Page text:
## Abstract

EPR Spectra have been measured for aqueous solutions of a series of Gd^{3+} complexes at variable temperature and a range of magnetic fields; S‐band (0.14 T), X‐band (0.34 T), Q‐band (1.2 T), and 2‐mm‐band (5.0 T). The major contribution to the observed line widths is magnetic‐field‐dependent and is interpreted as being due to the modulation of the zero‐field splitting produced by distortion of the complexes from perfect symmetry. The transverse and longitudinal relaxation matrices for an ^{8}S ion with such an interaction have been calculated using Redfield theory with vector‐coupling methods, and diagonalised numerically to obtain relaxation rates and intensities for the degenerate transitions which contribute to the multiplet. The observed line width, which is inversely proportional to the magnetic field at low temperatures, is best described by the intensity‐weighted mean transverse relaxation time for the four transitions with non‐zero intensity. A least‐squares fit of the data yields the square of the zero‐field splitting tensor, Δ^{2}, and a correlation time, τ_{v}, with activation energy, E_{v}. The physical significance of these parameters and the extent of validity of the theoretical approach are considered. The parameters are used to predict the magnetic‐field dependence of the longitudinal and transverse electronic relaxation times, which are discussed in the context of their relevance to ^{1}H‐NMR relaxivity.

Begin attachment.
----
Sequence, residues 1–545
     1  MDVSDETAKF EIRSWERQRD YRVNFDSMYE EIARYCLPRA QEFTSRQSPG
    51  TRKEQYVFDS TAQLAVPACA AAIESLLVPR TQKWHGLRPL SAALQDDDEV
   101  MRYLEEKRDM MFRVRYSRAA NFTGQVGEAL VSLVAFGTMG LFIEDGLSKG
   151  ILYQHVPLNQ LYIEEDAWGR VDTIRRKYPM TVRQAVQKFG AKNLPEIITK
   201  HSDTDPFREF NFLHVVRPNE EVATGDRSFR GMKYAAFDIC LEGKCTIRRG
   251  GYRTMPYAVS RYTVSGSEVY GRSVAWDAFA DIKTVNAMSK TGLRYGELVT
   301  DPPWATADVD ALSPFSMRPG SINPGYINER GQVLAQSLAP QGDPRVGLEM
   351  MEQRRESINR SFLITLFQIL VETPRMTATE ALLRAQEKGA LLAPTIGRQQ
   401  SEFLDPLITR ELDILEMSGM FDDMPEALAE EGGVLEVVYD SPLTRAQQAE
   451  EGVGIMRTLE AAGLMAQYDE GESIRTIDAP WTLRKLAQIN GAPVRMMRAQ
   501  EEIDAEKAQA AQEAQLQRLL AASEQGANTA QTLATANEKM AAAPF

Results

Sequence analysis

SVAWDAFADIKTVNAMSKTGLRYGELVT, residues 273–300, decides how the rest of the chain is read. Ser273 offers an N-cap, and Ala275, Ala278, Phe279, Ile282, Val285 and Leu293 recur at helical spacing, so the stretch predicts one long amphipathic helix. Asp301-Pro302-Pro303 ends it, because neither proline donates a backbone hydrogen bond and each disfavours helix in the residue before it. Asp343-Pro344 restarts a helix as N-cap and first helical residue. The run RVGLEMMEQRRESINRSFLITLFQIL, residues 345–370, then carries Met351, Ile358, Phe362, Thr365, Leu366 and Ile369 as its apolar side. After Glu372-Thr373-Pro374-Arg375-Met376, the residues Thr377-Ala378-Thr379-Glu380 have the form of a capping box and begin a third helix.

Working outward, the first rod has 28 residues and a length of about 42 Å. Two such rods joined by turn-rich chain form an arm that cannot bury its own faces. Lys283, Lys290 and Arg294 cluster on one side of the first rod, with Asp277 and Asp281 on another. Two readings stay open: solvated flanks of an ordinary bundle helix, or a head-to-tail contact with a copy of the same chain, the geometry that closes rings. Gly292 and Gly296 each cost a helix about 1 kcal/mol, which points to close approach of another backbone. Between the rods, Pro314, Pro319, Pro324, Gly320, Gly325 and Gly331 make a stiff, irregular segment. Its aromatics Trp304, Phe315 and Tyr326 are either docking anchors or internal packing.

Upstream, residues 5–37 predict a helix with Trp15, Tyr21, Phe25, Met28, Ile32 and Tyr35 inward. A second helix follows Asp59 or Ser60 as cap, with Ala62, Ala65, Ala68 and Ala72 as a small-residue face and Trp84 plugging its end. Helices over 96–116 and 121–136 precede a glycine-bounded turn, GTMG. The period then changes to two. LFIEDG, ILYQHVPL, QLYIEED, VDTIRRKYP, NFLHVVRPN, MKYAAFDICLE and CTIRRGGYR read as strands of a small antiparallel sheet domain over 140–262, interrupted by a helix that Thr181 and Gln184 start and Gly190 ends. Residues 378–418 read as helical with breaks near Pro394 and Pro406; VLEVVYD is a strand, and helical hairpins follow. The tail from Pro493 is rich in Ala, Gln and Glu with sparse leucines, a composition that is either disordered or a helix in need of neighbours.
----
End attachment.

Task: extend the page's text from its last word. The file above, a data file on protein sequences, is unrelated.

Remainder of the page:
Original language | English |
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Pages (from-to) | 2129-2146 |

Number of pages | 18 |

Journal | Helvetica Chimica Acta |

Volume | 76 |

Issue number | 5 |

DOIs | |

State | Published - 11 Aug 1993 |

Externally published | Yes |

## Fingerprint

Dive into the research topics of 'Magnetic‐Field‐Dependent Electronic Relaxation of Gd^{3+}in Aqueous Solutions of the Complexes [Gd(H

_{2}O)

_{8}]

^{3+}, [Gd(propane‐1,3‐diamine‐N,N,N′,N′‐tetraacetate)(H

_{2}O)

_{2}]

^{−}, and [Gd(N,N′‐bis[(N‐methylcarbamoyl)methyl]‐3‐azapentane‐1,5‐diamine‐3,N,N′‐triacetate)(H

_{2}O)] of interest in magnetic‐resonance imaging'. Together they form a unique fingerprint.